SALT LAKE CITY — “Avengers: Endgame” concludes with Steve Rogers (Chris Evans) traveling back in time to live his life with Peggy Carter (Hayley Atwell), but did this version of Captain America attend his wife’s funeral?
Christopher Markus, who co-wrote “Endgame” and “Captain America: Civil War,” likes to think so.
The original funeral scene in “Civil War” depicts the young version of Rogers acting as a pallbearer for Carter, his partner and love interest during "Captain America: The First Avenger." But in an interview with the Los Angeles Times, Markus said he would love it if an elderly Rogers was also able to attend his wife’s funeral.
“I love the idea of there being two Steve Rogers in the timeline. One who lived a long life with Peggy and is in the background of that funeral scene watching his young self carry his wife’s coffin up,” Markus said. “Not just for the time travel mumbo jumbo of it, but for the just weird, personal pain and satisfaction that would be happening between two Steve Rogers there.”
The writer also confirms that despite the time travel rules established in “Endgame” making it difficult for an elderly Captain America to have much influence on the main Marvel timeline, exceptions can be made for the character — “There is no set explanation for Cap’s time travel,” Markus said.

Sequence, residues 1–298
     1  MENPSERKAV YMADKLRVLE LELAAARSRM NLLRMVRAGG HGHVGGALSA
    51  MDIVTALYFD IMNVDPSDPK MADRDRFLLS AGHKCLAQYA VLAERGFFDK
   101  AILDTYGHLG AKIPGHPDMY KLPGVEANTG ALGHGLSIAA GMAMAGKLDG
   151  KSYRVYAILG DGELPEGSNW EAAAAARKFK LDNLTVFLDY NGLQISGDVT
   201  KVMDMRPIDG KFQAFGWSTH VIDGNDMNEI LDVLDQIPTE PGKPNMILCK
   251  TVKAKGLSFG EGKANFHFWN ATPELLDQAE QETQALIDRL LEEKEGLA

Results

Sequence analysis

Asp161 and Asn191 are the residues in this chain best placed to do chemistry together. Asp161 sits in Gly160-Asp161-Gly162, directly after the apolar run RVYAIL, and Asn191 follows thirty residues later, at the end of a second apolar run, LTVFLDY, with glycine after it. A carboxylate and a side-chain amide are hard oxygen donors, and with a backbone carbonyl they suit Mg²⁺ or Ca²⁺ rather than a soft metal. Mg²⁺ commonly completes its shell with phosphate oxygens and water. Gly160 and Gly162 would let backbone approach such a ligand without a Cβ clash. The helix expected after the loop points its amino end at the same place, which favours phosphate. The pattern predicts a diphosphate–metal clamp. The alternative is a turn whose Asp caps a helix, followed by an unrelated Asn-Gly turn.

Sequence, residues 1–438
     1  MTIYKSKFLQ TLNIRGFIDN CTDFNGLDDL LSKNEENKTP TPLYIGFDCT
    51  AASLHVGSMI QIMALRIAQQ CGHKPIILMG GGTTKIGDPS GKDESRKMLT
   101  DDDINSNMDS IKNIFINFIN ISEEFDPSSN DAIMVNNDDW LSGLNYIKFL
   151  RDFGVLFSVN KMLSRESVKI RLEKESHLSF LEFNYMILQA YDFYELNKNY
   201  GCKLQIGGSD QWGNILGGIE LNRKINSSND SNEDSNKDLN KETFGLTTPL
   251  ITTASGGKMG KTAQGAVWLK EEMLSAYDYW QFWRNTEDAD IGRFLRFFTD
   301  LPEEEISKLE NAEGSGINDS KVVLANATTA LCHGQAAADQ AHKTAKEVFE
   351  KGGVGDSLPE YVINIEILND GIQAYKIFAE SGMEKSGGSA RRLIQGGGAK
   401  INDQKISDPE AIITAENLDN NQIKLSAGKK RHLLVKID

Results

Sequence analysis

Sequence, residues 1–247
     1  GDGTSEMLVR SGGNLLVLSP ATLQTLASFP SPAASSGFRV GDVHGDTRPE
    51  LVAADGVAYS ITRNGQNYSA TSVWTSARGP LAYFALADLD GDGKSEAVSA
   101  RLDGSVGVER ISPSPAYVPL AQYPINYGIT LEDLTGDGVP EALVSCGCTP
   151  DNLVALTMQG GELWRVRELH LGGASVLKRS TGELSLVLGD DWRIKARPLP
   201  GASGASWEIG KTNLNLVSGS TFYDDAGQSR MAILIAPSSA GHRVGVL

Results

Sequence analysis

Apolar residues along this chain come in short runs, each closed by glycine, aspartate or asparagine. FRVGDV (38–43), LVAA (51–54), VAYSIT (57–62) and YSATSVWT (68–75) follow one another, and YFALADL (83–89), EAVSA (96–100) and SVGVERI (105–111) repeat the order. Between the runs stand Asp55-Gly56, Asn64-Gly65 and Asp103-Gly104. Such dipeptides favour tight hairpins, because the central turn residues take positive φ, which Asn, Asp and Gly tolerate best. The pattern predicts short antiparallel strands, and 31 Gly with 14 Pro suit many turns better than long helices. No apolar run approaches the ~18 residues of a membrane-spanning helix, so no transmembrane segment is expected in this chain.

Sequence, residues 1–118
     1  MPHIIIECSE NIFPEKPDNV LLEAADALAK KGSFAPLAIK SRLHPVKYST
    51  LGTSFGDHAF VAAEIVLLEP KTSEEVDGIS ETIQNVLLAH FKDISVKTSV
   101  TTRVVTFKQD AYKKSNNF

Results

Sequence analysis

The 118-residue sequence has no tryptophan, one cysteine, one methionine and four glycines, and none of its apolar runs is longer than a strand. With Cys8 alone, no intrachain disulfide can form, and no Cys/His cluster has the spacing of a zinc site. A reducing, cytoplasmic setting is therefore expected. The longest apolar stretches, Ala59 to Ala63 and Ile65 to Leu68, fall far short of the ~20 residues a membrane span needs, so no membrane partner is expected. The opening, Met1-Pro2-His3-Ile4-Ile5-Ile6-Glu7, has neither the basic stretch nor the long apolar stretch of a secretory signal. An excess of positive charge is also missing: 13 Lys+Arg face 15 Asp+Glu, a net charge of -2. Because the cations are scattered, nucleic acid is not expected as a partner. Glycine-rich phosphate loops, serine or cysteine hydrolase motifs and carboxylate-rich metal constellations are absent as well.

ComicBook.com notes that Stephen McFeely, Markus’ writing partner, said that explaining the presence of the time-traveler version of Rogers at his wife’s funeral could require the original story to be retconned if Marvel decided to pursue a multiverse-focused story.
"Do they want to tell stories with characters who are gone? Do they want to do prequels? (Black Widow), is that just a straight prequel or is that in some sort of alternate timeline? Do they want to embrace the multiverse or not?” McFeely said.
“Endgame” and “Civil War” director Joe Russo previously hinted in an interview with Entertainment Weekly that Captain America’s journey from a branched reality back to his main timeline could be explored in the future.
“How is he back in this reality to give the shield away? Maybe there’s a story there,” Russo said.
I also previously wrote for the Deseret News that Markus and McFeely always intended for Carter’s two children, who are mentioned in “Civil War,” to be Captain America’s children as well. Markus mentioned that the fact that two unknown people in the Marvel Cinematic Universe have “super-soldier DNA” could be explored in the future.